2. Build On Your Strengths
If you haven’t recently completed a SWOT analysis, take a few minutes now. Brainstorm what sets you apart from your competition. If you’re not sure what these unique differentiators are, ask your customers, your employees and your network. Develop a clear vision of what sets your business apart from the competition, and leverage these strengths to gain competitive advantage.
3. Adapt Your Tactics, Not Your Strategy
Earlier I cited the example of how Nike leveraged one of its competitive advantages – its commitment to equality and diversity – to launch a new ad campaign in response to the travel ban. Nike knew perfectly well that Under Armour was trying to reposition itself in the athletic shoe industry, and increase market share. Kevin Plank’s public missteps gave Nike just a golden opportunity which it seized by running the “Diversity” ad campaign. In so doing, Nike stayed true to both its values and did not deviate from a marketing strategy that puts equality and diversity front and centre stage.
4. Encourage Candour In Your Team
To get candour in your company, make it one of your core values. Model it yourself, and then talk about it, praise it and reward it. Make heroes out of staff who demonstrate it. Talk to your staff about how they can be candid, without delivering offense. There’s an art to being candid. Here in the UK, we have a professional duty of candour to encourage our medical and nursing staff to be open and honest when things go wrong.
5. Finally, Don’t Abandon Globalisation
Globalisation is here to stay despite efforts in the US and Europe to halt it. Build your business without backing away from overseas expansion, if this is right for your business. Embrace globalisation by targeting new overseas markets, hiring diverse employees, and building your operations abroad. In so doing prepare for the jobs of the future, and if you’re part of an organisation like the Chamber of Commerce or Institute of Directors or Small Business Association, lobby to encourage them to press government to address the real jobs issue; the skills gap created by the lack of lifelong training and education.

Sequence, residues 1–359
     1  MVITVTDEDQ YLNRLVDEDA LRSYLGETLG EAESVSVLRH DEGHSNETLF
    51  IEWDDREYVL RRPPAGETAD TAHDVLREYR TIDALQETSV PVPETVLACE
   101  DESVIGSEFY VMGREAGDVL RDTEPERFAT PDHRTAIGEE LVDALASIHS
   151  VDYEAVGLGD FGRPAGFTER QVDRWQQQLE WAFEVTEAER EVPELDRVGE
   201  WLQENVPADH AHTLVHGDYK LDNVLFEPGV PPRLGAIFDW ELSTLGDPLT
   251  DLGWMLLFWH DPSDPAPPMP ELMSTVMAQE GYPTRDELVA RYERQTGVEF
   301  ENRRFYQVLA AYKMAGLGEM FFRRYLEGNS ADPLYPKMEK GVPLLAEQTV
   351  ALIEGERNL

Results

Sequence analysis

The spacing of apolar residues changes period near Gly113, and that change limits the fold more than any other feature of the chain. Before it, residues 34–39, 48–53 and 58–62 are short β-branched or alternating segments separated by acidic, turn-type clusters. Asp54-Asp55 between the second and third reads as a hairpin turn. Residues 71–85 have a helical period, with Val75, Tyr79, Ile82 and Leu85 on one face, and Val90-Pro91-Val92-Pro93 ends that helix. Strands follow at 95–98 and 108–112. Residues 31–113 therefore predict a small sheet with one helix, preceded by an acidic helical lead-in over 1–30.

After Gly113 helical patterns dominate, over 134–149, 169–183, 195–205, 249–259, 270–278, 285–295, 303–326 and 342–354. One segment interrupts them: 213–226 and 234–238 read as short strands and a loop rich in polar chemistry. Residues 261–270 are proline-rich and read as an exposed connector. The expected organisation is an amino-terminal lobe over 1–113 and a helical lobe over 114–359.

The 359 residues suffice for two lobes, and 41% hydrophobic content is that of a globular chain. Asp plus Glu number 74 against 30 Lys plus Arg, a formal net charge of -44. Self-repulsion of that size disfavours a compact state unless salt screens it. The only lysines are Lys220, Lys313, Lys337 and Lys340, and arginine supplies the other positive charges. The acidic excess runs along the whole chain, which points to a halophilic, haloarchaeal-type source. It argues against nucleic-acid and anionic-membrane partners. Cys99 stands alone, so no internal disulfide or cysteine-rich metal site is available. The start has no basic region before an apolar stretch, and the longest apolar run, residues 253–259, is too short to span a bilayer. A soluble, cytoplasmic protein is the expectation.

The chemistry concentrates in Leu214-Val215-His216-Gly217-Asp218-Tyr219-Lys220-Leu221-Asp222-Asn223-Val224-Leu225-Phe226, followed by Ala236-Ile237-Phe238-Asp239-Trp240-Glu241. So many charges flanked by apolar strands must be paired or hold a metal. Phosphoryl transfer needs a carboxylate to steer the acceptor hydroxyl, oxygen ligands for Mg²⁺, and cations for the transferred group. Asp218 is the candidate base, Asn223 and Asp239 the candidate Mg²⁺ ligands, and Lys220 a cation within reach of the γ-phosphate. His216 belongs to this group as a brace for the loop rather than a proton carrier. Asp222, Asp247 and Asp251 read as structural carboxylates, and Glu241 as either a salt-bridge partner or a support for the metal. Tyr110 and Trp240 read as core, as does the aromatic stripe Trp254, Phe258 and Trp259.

Join The Conversation
Question: How has candour worked to your benefit in business? I love reading your feedback so please do reply in the comments box below.
Explore These Additional Resources
Did you miss?
- How We, As Leaders, Shape Our Company Culture
- The Importance Of Standing By Your Company Values
- How To Identify Your Company’s Core Values
Work With Me
I’m Denyse Whillier, a London based business coach and consultant. I guide entrepreneurs from across the globe to achieve profitable, scaleable growth and create businesses that are Built To Succeed™. Built To Succeed™ is my proven success system, developed during my 8 years in the trenches as a CEO, 25 years’ experience at senior leadership and managerial level and training at Cranfield School of Management, the UK’s leading business school. It’s this background that sets me apart and helps my clients to get BIG results.
I’d love to start a conversation. Simply use this link to arrange an informal Skype coffee chat. There’s no hard sell. Just solid advice and a straightforward, honest assessment of whether 1:1 business coaching (or business consultancy).